The Sri Lankan Minister of Technology and Research, Patali Champika Ranawaka warned, “This year may witness the beginning of another El Niño period affecting Sri Lanka – possibly with serious implications for agriculture, one of the most important sectors for the country.”

“We have great hope that ESCAP’s Regional Drought Mechanism will help Sri Lanka address this issue by expanding our options for monitoring and responding to agricultural drought, in the meantime effectively harnessing the potential of space technology applications towards this end,” he added

Currently, the Mechanism is being piloted in Afghanistan, Cambodia, Mongolia, Myanmar, Nepal, and Sri Lanka. Its initial work in Mongolia and Sri Lanka – supported by two regional service nodes – demonstrates clearly the efficiency and effectiveness of the initiative.

Supported by China and India, the regional service nodes were established under the Regional Drought Mechanism to provide the pilot countries with satellite imagery, services, expert training and capacity development.

Though several of the pilot countries already experience severe drought conditions due to regular climate oscillations, including El Niño and La Niña, climate change projections indicate that drought is likely to become more frequent and severe in the future.

Given these challenges, forum participants recognized the importance of coordination and cooperation across the relevant ministries and initiatives in the region and looked at practical ways to improve early warning through enhanced integration with climate change trends, and new scientific modelling techniques.

Recommendations from the forum will provide guidance for strengthening the effectiveness of the Regional Cooperative Mechanism and will feed into the national disaster management plans of the pilot countries.

Participating countries benefit from: enhanced access to space-based data; capacity building in preparedness and response; strengthened institutional coordination and policies at the country level; and Regional and South-South cooperation and support networks.

Article source: http://www.un.org/apps/news/story.asp?NewsID=48182

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UN reports on new roadmap to boost small-scale, family forest producers


30 June 2014 – If small-scale forest and farm producers joined to form producer organizations, they could increase forest productivity and improve livelihoods of local communities, the United Nations agricultural agency and its partners today reported.

In two separate co-publications, the UN Food and Agricultural Organization (FAO) wrote that indigenous peoples, local communities and private smallholders own or manage a growing proportion of the world’s forests and can play a significant role in tackling deforestation and reducing poverty if they band together.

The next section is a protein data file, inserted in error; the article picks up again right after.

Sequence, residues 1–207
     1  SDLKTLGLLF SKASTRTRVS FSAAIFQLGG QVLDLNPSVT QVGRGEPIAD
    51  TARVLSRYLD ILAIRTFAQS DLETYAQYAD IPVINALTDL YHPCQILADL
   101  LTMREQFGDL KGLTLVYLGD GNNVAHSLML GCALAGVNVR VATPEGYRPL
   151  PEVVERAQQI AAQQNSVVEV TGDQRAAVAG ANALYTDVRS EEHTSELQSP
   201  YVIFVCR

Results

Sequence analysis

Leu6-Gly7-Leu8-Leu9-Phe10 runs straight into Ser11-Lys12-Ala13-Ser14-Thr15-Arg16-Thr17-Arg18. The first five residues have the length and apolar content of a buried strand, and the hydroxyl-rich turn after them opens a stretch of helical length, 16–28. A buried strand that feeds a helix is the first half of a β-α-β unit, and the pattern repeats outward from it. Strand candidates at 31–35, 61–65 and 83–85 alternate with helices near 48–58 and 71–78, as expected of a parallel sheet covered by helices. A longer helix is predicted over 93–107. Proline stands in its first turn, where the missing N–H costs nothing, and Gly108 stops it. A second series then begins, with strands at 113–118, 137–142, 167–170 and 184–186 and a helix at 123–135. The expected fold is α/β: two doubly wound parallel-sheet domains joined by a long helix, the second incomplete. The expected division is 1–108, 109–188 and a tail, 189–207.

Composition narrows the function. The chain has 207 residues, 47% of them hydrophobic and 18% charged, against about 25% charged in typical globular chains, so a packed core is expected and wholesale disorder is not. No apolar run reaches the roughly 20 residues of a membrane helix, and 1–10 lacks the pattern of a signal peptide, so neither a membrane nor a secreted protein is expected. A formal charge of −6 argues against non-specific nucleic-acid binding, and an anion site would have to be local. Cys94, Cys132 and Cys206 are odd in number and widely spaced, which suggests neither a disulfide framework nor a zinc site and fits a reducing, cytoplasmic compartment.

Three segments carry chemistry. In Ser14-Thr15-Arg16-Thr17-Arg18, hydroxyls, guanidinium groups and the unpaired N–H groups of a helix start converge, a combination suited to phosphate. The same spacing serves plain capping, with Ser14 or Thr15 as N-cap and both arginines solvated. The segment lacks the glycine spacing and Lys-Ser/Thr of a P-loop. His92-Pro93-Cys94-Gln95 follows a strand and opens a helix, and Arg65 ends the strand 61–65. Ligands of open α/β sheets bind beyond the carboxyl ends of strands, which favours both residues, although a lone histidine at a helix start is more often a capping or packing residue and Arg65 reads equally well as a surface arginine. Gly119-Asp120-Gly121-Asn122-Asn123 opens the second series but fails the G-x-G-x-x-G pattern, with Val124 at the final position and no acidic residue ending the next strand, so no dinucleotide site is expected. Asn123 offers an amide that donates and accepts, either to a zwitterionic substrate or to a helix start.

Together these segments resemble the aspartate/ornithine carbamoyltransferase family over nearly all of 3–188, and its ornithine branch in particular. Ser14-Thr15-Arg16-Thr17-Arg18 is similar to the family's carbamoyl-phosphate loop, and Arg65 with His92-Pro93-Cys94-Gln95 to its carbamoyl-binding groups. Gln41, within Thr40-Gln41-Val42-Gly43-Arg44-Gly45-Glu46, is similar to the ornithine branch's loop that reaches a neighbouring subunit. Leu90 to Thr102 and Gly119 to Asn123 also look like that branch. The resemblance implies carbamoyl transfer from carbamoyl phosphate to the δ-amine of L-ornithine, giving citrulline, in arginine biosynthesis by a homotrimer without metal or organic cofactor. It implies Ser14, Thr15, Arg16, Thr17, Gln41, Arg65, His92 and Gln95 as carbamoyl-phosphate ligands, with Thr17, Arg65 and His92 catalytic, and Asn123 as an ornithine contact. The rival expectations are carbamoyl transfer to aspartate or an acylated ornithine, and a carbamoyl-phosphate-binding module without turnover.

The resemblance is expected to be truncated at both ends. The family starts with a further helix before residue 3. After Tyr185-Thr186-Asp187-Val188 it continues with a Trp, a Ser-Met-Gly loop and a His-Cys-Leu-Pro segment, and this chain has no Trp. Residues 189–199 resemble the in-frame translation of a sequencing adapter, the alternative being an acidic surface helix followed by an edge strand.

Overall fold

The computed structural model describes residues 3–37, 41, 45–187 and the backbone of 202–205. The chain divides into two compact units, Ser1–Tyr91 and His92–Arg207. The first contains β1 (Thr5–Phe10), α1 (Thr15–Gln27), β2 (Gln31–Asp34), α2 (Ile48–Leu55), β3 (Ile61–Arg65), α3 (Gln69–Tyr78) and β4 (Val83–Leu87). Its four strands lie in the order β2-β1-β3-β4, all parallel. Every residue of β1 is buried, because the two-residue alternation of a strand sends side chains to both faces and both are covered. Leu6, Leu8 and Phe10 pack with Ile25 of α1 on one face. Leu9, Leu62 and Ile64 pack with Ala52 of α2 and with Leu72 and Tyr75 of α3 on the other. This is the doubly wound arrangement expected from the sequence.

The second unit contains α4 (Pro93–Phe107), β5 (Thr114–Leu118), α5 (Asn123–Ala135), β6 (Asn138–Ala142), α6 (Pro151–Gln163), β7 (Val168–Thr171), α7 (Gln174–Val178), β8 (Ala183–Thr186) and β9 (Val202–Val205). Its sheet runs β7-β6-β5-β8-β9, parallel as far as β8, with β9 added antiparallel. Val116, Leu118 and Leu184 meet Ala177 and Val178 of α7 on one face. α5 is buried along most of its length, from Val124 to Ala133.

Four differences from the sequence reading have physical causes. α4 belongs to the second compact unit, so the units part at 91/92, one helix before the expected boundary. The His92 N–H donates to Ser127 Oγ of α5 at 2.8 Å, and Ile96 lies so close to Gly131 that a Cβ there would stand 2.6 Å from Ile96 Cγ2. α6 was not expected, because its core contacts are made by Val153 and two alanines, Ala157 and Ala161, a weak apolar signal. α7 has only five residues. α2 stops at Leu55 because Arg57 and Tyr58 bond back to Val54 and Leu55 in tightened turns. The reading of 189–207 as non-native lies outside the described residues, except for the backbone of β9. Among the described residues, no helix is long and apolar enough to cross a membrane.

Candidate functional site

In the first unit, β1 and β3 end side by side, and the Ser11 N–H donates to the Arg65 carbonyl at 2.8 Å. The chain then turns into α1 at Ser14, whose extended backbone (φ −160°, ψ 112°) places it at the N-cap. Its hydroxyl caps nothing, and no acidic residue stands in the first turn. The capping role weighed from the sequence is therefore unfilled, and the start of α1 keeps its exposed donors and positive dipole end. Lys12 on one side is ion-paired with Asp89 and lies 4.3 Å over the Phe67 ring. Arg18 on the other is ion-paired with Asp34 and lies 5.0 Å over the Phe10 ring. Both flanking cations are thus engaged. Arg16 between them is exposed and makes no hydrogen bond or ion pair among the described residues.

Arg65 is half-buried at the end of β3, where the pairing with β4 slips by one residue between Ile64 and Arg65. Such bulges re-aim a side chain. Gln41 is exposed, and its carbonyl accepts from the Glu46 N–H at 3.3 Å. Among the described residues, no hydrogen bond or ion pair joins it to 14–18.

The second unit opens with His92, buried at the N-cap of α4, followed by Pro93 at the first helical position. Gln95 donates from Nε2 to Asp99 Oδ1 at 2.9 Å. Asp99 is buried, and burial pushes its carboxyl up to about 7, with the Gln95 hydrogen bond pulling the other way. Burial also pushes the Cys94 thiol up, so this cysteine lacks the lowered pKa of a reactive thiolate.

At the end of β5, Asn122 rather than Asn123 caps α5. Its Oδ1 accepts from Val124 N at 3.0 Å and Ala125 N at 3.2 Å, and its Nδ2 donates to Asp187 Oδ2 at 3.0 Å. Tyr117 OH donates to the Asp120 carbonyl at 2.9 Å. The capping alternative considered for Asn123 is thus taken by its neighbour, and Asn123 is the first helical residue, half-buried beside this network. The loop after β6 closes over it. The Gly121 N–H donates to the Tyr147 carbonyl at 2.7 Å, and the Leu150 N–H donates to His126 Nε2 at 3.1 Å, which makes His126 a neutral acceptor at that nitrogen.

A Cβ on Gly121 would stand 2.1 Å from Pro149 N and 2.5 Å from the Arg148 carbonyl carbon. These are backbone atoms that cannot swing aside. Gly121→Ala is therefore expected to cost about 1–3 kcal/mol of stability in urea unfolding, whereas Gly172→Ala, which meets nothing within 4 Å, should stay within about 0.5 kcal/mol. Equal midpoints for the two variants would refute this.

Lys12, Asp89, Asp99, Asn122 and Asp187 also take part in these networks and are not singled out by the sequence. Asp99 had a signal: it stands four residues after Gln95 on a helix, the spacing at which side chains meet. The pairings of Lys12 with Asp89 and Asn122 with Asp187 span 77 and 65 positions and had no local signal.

“Coming together in forest and farm producer organizations can help overcome their isolation as well as other very real constraints such as a lack of secure forest tenure and financial and business development instruments,” said FAO Forestry Officer Jeffrey Campbell.

Two policy papers, published by the Forest and Farm Facility (FFF), a partnership between FAO, the International Institute for Environment and Development (IIED) and the International Union for Conservation of Nature (IUCN), argue that a better policy environment, coupled with targeted support to help small-scale forest and farm producers organize could overcome some of the challenges these groups face.

A crucial constraint is their isolation from each other, from markets, information, business services, policymakers, financing and investment opportunities.

“They must compete with large-scale businesses that often receive preferential treatment, access to markets, financing and resources,” Mr. Campbell explained.

According to the report authors, there are six ways to help forest and farm producer organizations become more effective.

These are summarized as increasing the visibility of forest and farm producer organizations in policymaking; helping forests and farm producers build capacity; creating an enabling environment; clearing a path for increased finance; connecting forest and farm producers with services; and encouraging a global coalition.

The release of the reports comes one week after the 22nd Session of the FAO Committee on Forestry was held in Rome during World Forest Week. One of the main themes of the session was shifting the focus from data collection and policymaking in respect to forests, to the people who are managing the forests – in other words, from trees to people.

Article source: http://www.un.org/apps/news/story.asp?NewsID=48170